Taiwan’s new President Lai in his inauguration speech urges China to stop its military intimidation : The Tribune India

Join Whatsapp Channel

Taiwan’s new President Lai in his inauguration speech urges China to stop its military intimidation

Lai is a relative moderate who will continue Taiwan’s policy of de facto independence while seeking to bolster its defences against China

Taiwan’s new President Lai in his inauguration speech urges China to stop its military intimidation

Taiwan's new President Lai Ching-te during the inauguration ceremony outside the Presidential office building in Taipei, Taiwan, on May 20, 2024. Reuters



AP

Taipei, May 20

Taiwan’s new President Lai Ching-te in his inauguration speech has urged China to stop its military intimidation against the self-governed island Beijing claims as its own territory.

Lai was sworn into office in a ceremony on Monday after he won an election earlier this year.

He is a relative moderate who will continue Taiwan’s policy of de facto independence while seeking to bolster its defences against China.

He takes over from Tsai Ing-wen, who led Taiwan through eight years of economic and social development despite the COVID-19 pandemic and China’s escalating military threats.

Thousands of people gathered in front of the Presidential Office Building in Taipei for the inauguration ceremony.

Donning white bucket hats, the attendees watched on large screens the ceremony’s emcees narrating Lai’s swearing-in ceremony, followed by a military march and colourful artistic performances featuring folk dancers, opera performers and rappers. Military helicopters flew in formation, carrying Taiwan’s flag.

Lai accepted congratulations from fellow politicians and delegations from the 12 nations that maintain official diplomatic relations with Taiwan, as well as politicians from the US, Japan and various European states.

Lai, also known by his English name William, has vowed to continue his predecessor’s push to maintain stability with China while beefing up Taiwan’s security through imports of advanced fighters and other technology from close partner the US, the expansion of the defence industry with the manufacture of submarines and aircraft, and the reinforcing of regional partnerships with Taiwan’s unofficial allies such as the US, Japan, South Korea and the Philippines.

US Secretary of State Antony J. Blinken congratulated Lai on his inauguration.

“We look forward to working with President Lai and across Taiwan’s political spectrum to advance our shared interests and values, deepen our longstanding unofficial relationship, and maintain peace and stability across the Taiwan Strait,” Blinken said in a statement from his office.

Lai, 64, takes over from Tsai Ing-wen, who led Taiwan through eight years of economic and social development despite the COVID-19 pandemic and China’s escalating military threats.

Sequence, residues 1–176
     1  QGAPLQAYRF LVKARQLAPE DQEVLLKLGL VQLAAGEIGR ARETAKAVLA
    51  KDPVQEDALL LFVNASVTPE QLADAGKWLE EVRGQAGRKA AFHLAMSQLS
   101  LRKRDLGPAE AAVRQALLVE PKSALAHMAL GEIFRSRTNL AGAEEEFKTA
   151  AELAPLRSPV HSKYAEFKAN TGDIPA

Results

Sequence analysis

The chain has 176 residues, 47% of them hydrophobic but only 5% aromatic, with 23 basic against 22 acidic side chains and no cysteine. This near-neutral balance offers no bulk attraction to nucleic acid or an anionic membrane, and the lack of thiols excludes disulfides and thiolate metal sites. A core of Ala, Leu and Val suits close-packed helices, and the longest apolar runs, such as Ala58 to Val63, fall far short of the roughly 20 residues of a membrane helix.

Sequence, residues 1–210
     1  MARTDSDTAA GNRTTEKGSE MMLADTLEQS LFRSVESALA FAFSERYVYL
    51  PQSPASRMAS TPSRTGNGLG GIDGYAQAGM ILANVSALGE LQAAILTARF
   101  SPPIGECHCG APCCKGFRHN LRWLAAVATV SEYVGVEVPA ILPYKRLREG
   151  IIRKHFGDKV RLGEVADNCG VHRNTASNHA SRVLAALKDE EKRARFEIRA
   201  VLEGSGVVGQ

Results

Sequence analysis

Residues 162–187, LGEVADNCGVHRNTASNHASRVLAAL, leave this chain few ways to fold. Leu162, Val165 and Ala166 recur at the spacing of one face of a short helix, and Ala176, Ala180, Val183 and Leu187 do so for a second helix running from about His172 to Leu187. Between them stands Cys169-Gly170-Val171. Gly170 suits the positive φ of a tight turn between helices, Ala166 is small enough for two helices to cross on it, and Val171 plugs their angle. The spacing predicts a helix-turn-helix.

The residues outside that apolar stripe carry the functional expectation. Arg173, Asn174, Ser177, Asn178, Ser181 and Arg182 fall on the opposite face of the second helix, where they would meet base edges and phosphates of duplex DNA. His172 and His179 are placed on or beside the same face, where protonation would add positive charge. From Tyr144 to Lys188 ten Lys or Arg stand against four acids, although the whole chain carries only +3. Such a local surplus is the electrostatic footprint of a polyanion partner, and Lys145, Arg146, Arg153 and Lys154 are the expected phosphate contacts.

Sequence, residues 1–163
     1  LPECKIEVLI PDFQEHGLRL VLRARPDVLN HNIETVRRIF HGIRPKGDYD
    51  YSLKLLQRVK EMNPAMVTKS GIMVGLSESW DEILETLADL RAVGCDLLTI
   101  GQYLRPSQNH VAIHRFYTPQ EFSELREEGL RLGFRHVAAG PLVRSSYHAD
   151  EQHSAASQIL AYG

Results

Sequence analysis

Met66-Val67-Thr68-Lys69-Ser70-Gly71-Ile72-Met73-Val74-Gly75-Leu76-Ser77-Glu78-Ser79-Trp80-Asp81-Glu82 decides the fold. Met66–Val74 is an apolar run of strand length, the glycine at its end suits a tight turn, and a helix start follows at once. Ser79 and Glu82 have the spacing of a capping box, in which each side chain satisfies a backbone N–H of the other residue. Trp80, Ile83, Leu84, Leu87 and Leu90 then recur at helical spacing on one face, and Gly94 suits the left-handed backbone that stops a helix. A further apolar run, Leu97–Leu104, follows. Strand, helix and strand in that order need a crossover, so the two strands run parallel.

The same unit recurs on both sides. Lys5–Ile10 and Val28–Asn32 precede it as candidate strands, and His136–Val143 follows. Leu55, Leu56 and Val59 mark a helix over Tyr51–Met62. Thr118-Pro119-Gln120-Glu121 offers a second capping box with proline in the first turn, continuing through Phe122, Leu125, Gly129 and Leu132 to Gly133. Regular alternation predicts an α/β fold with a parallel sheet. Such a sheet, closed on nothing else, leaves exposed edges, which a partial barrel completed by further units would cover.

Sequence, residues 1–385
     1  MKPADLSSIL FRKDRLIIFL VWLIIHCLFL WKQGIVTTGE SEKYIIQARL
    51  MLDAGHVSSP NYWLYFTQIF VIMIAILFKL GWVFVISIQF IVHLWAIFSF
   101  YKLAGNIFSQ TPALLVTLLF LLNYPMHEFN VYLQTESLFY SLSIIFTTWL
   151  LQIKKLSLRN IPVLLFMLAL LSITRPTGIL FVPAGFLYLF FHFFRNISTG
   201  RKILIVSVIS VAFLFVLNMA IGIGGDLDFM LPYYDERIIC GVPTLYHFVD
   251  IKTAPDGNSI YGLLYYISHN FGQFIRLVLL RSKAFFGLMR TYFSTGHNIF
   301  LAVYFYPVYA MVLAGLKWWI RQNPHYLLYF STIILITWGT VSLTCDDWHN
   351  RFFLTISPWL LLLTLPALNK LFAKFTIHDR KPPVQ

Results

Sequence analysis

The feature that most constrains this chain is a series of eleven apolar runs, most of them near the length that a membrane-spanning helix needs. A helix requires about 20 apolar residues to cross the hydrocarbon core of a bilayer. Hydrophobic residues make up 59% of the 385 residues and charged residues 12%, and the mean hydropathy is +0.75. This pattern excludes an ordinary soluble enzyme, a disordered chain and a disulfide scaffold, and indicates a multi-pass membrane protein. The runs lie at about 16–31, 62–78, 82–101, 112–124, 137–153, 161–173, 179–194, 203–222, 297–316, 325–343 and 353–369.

He is seen as inheriting her progressive policies, including universal health care, backing for higher education and support for minority groups, including making Taiwan the first place in Asia to recognize same-sex marriages.

Lai, who was vice president during Tsai’s second term, came across as more of a firebrand earlier in his career. In 2017, he described himself as a “pragmatic worker for Taiwan’s independence,” drawing Beijing’s rebuke. He has since softened his stance and now supports maintaining the status quo across the Taiwan Strait and the possibility of talks with Beijing.

Beijing claims Taiwan as its own territory and has been upping its threats to annex it by force if necessary.

Lai will build on Tsai’s efforts to strengthen ties with the US, which doesn’t formally recognise Taiwan as a country but is bound by its own laws to provide the island with the means to defend itself.

During Tsai’s tenure, Taiwan became the first society in Asia to legalise same-sex marriage, though critics say she skirted political responsibility by leaving the decision up to the Supreme Court and a series of referendums.

She oversaw a controversial pension and labour reform and extended the military conscription length to one year. She also kickstarted a military modernisation drive, including a program for building indigenous submarines at more than USD 16 billion each.

Tsai’s leadership during the pandemic split public opinion, with most admiring Taiwan’s initial ability to keep the virus largely outside its borders but criticising the lack of investment in rapid testing as the pandemic progressed. 

#China #Taiwan


Top News

ED challenges Arvind Kejriwal's bail, as Delhi CM to leave jail today

Arvind Kejriwal to remain in jail as Delhi High Court grants interim stay on trial court's bail order

The AAP national convenor, who was arrested on March 21 by t...

NEET-UG 2024: Supreme Court refuses to stay counselling process; issues notice to National Testing Agency, others

NEET row: Supreme Court refuses to defer counselling; 1,563 students to take exam again on Sunday

The Congress, meanwhile, stages protests across the country ...

NTA postpones CSIR-UGC-NET examination due to ‘unavoidable circumstances and logistical reasons’

NTA postpones CSIR-UGC-NET examination due to ‘unavoidable circumstances and logistical reasons’

The joint CSIR-UGC-NET exam is for the eligibility of candid...

India criticises Canadian parliament observing ‘one-minute silence’ in memory of Hardeep Nijjar

India criticises Canadian parliament observing ‘one-minute silence’ in memory of Hardeep Nijjar

In an unusual move, the Canadian parliament observed ‘one-mi...

Swiss court sentences 4 members of Hinduja family to up to 4.5 years for exploiting their servants

Swiss court sentences 4 members of Hinduja family to up to 4 and a half years for exploiting their servants

The four—Indian-born tycoon Prakash Hinduja and his wife, so...


Cities

View All